Singer-Actor Robert Goulet Dies
Goulet, who had recently been diagnosed with interstitial pulmonary fibrosis, was awaiting a lung transplant when he died at Cedars-Sinai Medical Center in
The singer, who had fallen ill while flying home to Las Vegas after performing at a Sept. 20 concert in Syracuse, N.Y., was admitted to a Las Vegas hospital on Sept. 30. He was transferred to Cedars-Sinai as a transplant patient Oct. 14.
"Robert Goulet was a monumental presence on the stage and had one of the great voices of all time, which often overshadowed his many other talents," pianist Roger Williams said in a statement Tuesday. "He really could do it all -- act, dance and was as funny as hell, especially when he was making fun of himself. Robert always took his craft seriously, but never took himself seriously. Oh, how we will miss this great guy."
The American-born Goulet, who moved to Canada as a young teenager, was a popular singer on Canadian television when he auditioned for the role of the brave young knight in Lerner and Loewe's "Camelot," opposite
In a review of the long-running hit musical, a Variety critic wrote that the 27-year-old Goulet "has the looks and the speaking and singing voice of the ideal Lancelot."
Indeed, with his dark hair, startlingly blue eyes and magnificent baritone, Goulet was the personification of a Kennedy-era leading man.
Added to the matinee-idol looks was that distinctive singing voice, which Goulet's father considered a gift from God.
Upon hearing Goulet sing "If Ever I Would Leave You" during the first day of rehearsals for "Camelot," Burton called it "the voice of an angel."
"I was stunned by his performance," recalled Miles Kreuger, president of the Los Angeles-based Institute of the American Musical, who saw "Camelot" at a preview the night before it opened.
"At the time, before reviews were published, Robert Goulet was entirely unknown in
"In seconds, he went from unknown to a star. Two days later, when the reviews appeared, he was the talk of the town."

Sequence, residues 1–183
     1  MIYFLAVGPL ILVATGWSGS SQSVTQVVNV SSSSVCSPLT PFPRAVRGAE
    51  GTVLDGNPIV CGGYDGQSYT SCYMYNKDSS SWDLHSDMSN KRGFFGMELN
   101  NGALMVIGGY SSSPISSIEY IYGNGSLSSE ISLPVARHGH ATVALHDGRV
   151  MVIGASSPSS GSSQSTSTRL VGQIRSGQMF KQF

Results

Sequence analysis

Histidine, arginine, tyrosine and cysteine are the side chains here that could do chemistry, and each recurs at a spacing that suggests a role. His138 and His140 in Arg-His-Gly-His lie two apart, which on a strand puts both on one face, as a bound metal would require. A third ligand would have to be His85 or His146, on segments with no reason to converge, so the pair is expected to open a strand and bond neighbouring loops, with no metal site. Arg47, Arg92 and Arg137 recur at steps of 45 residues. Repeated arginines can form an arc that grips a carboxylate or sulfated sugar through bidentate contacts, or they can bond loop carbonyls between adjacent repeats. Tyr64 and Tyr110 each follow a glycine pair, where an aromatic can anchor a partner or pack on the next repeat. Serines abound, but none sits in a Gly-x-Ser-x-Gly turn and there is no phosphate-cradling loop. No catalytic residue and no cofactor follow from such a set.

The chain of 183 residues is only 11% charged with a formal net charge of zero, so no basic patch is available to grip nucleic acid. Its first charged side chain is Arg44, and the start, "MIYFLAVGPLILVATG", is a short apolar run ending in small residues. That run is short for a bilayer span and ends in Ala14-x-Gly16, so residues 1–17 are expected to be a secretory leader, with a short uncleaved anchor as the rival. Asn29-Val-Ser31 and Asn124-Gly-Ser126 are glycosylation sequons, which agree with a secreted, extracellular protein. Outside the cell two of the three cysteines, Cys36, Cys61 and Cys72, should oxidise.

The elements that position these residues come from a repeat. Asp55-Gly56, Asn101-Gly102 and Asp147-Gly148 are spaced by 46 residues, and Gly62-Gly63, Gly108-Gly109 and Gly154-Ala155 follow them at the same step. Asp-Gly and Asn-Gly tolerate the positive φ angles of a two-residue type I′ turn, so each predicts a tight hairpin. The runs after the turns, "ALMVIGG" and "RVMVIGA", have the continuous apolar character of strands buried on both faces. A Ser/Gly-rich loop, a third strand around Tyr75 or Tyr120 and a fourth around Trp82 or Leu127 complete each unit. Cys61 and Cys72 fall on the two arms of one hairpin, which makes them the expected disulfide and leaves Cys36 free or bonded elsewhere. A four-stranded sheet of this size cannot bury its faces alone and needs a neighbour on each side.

Goulet, who won a Grammy Award for Best New Artist in 1962, went on to win a
During his 1960s and early '70s heyday, Goulet turned out a string of hit record albums, appeared frequently on
Goulet segued into movies in 1962 when he and Garland provided the lead feline vocal characterizations for the animated film "Gay Purr-ee."
He went on to star in several films, including the 1964 comedies "Honeymoon Hotel" (with Nancy Kwan) and "I'd Rather Be Rich" (with
Goulet also sang at the
Goulet returned to the Broadway stage a number of times over the years, including playing King Arthur in a brief 1993 revival of "Camelot," and taking over the lead in a revival of the musical
He also performed frequently in regional theaters and touring companies in "Man of La Mancha," "South Pacific," "On a Clear Day You Can See Forever" and other shows.
The man who had hosted "The Bob Goulet Special Starring Robert Goulet" on television in 1970 also continued to draw audiences to his concert performances across the country. And he appeared in films such as "Atlantic City," "Scrooged," "Beetlejuice," "The Naked Gun 2 /12: The Smell of Fear" and "Mr. Wrong."
But the aging entertainment idol, who at one point began sporting a mustache, became something of a camp icon whose old-school show-biz image made him ripe for satire on TV shows such as
Goulet didn't object and, in fact, periodically spoofed his Vegas persona, including appearing as himself in a series of wacky commercials in the '90s to promote
"If you can't laugh at yourself, you're a fool," Goulet told the Orange County Register in 1996. "I don't like those who pat themselves on the back. My job is to entertain, not to go out there and be myself."
Added Goulet: "I wish I knew the secret of my endurance. Perseverance, maybe. I want to be better than I sound. You can be tired or in pain, but you must perform for those people. You give it your best shot."